The Hard Thing About Software Development | Jesse Watson | Pulse | LinkedIn


40 bookmarks. First posted by nicolashery 10 weeks ago.


"The most valuable asset in the software industry is the synthesis of programming skill and deep context in the business problem domain, in one skull."

"...there are an ever decreasing number of software problems that are so cut and dried that they can be tossed over a wall and implemented in isolation of business expertise."
programming  career 
6 weeks ago by jhealy
This essay starts being about remote work, but then digs into why software development is hard in general. A great essay to give people who don't know much about software development, or career advice about how to level up.

It's all about context. The author coins a term, "Deep Context" to use for this idea.

Said another way, there are an ever decreasing number of software problems that are so cut and dried that they can be tossed over a wall and implemented in isolation of business expertise.

This is why the price for remote programming keeps dropping to zero. You cannot compete with on-premise talent when it comes to deep specialization in a business domain. The higher you move up the value chain in terms of your business offering, the more that the variations inherent in the business problems and technology constraints become wickedly complex.

The tough problems require spending 12 months in high-bandwidth communication within a team, close to the customer (or an excellent representative). They require forming a group mind together, getting inside the customer’s head, checking each other's assumptions, ferreting out misunderstandings. Communication, internalization, and synthesis of ideas is the hard part, not technology. The greatest risks rest with humans, not computers.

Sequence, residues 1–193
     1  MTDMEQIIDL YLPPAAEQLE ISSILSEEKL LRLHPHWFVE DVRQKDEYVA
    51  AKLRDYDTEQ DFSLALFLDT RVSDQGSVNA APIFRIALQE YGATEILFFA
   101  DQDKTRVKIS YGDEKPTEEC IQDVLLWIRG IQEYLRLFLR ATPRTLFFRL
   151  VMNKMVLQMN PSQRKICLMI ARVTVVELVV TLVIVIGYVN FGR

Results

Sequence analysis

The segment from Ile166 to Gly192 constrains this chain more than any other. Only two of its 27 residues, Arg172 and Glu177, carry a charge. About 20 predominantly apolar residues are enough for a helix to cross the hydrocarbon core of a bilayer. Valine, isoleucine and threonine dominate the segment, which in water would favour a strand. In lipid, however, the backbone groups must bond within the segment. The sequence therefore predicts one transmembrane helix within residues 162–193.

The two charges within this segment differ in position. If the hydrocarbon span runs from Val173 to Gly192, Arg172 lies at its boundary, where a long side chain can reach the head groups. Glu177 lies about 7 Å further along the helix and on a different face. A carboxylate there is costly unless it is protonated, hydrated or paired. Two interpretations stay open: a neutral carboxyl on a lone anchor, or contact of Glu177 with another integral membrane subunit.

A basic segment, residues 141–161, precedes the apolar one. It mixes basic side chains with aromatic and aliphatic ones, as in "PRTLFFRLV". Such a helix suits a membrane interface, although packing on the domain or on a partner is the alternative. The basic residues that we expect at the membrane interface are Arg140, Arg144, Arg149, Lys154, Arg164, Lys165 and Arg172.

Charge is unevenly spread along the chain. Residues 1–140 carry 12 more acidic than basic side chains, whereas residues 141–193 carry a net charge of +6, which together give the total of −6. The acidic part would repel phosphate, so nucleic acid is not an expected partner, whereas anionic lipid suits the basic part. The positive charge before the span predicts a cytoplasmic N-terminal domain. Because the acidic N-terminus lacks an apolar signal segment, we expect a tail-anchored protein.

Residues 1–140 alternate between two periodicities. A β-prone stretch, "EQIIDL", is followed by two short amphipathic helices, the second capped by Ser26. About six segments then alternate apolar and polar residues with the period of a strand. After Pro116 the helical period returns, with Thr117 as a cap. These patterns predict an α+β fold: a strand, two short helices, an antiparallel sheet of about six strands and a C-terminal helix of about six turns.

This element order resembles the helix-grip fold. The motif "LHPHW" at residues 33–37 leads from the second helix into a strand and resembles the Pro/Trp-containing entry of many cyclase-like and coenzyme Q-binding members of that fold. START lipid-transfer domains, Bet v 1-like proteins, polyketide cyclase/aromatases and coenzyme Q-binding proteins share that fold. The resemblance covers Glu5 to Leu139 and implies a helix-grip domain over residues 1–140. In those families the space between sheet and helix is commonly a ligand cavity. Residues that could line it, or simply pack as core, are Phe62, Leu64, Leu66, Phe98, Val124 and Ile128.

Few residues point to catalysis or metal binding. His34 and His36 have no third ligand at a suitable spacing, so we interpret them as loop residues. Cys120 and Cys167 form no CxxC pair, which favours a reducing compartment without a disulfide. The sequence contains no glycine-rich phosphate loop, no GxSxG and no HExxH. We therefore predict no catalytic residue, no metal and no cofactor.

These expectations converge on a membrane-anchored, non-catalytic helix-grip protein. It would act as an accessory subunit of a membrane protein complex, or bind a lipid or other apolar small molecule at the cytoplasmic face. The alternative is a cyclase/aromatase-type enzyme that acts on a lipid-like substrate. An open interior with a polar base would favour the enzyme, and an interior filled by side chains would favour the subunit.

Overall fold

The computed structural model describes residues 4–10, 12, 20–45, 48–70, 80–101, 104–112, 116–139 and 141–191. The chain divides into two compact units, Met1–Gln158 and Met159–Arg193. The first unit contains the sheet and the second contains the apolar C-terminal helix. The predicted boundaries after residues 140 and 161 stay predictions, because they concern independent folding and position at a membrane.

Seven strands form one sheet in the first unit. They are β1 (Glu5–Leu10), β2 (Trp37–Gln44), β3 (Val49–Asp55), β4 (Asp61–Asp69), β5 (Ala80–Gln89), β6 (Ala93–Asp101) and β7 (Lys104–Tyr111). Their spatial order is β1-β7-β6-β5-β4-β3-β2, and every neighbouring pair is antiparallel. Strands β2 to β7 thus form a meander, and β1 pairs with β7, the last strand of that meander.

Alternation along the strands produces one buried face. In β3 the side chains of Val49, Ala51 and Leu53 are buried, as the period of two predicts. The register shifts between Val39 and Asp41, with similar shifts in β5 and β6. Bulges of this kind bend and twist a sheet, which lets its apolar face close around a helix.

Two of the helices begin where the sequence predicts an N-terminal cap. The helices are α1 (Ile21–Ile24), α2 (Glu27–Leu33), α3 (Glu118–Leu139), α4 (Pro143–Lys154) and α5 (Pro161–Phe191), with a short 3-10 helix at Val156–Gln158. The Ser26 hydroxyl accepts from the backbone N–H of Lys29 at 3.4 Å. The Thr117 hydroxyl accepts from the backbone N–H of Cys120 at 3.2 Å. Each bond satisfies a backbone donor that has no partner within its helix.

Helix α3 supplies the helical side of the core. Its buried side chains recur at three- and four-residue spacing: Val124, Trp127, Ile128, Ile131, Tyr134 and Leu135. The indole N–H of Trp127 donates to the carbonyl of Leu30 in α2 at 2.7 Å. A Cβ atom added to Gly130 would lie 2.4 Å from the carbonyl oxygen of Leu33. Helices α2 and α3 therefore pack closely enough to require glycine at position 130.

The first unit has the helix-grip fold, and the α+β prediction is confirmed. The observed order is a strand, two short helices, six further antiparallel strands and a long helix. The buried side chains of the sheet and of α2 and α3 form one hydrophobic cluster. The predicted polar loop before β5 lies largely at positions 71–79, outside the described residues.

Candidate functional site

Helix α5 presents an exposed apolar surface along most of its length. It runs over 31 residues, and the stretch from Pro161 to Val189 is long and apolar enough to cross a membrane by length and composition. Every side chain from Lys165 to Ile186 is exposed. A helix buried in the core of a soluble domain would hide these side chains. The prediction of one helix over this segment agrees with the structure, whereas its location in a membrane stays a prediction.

programming  career  business  remote 
6 weeks ago by jefframnani
The Hard Thing About Software Development
from twitter
7 weeks ago by brandizzi
The greatest misconception about sw devel is that it's a separable discipline from deep analysis of business problem
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7 weeks ago by paulhhowells
"The Hard Thing About Software Development"
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7 weeks ago by tswicegood
BOOM! Spot on, great analysis of what makes software development hard (and a bit about remote working). https://t.co/wUj66Gv16w
– Liliana Ziolek (lili_z) http://twitter.com/lili_z/status/893567096587784192
toread  via:packrati.us 
7 weeks ago by eeichinger
most valuable asset in software dev is the synthesis of tech skill & deep context in the problem domain,in one skull
from twitter_favs
7 weeks ago by ghukill
despite the clickbaity title (and the fact that it's published on linkedin, ugh) this actually does contain a decent amount of wisdom that is confirmed by my own experience
software-development  business  career-advice  via:absfac 
8 weeks ago by trill_winds
'... programming skill in the absence of business domain knowledge is becoming increasingly worthless.'
from twitter_favs
8 weeks ago by danyoung
I think everything he said is gibberish. I have worked with teams who planned & got things done better...
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8 weeks ago by ngpestelos
"The greatest misconception about programming is that it is separable from deep analysis of the business problem."
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9 weeks ago by ordnungswidrig
"The greatest misconception about programming is that it is separable from deep analysis of the business problem."
from twitter
9 weeks ago by ericn
Why you should aim for "deep context", and why the price for (some) remote developers is dropping to zero
culture  programming  career 
10 weeks ago by ericsuh
The most valuable asset in the software industry is the synthesis of programming skill and deep context in the business problem domain, in one skull.
arch 
10 weeks ago by JohnDeHope3
despite the clickbaity title (and the fact that it's published on linkedin, ugh) this actually does contain a decent amount of wisdom that is confirmed by my own experience
software-development  business  career-advice 
10 weeks ago by absfac
"Communication, internalization, and synthesis of ideas is the hard part, not technology."
from twitter
10 weeks ago by adamghill
I call it the "One Skull Rule": "The most valuable asset in the software industry is the synthesis of programming skill and deep context in the business problem domain, in one skull." (Software Development Manager at Amazon Fulfillment Technologies)
software  practices  opinion 
10 weeks ago by nicolashery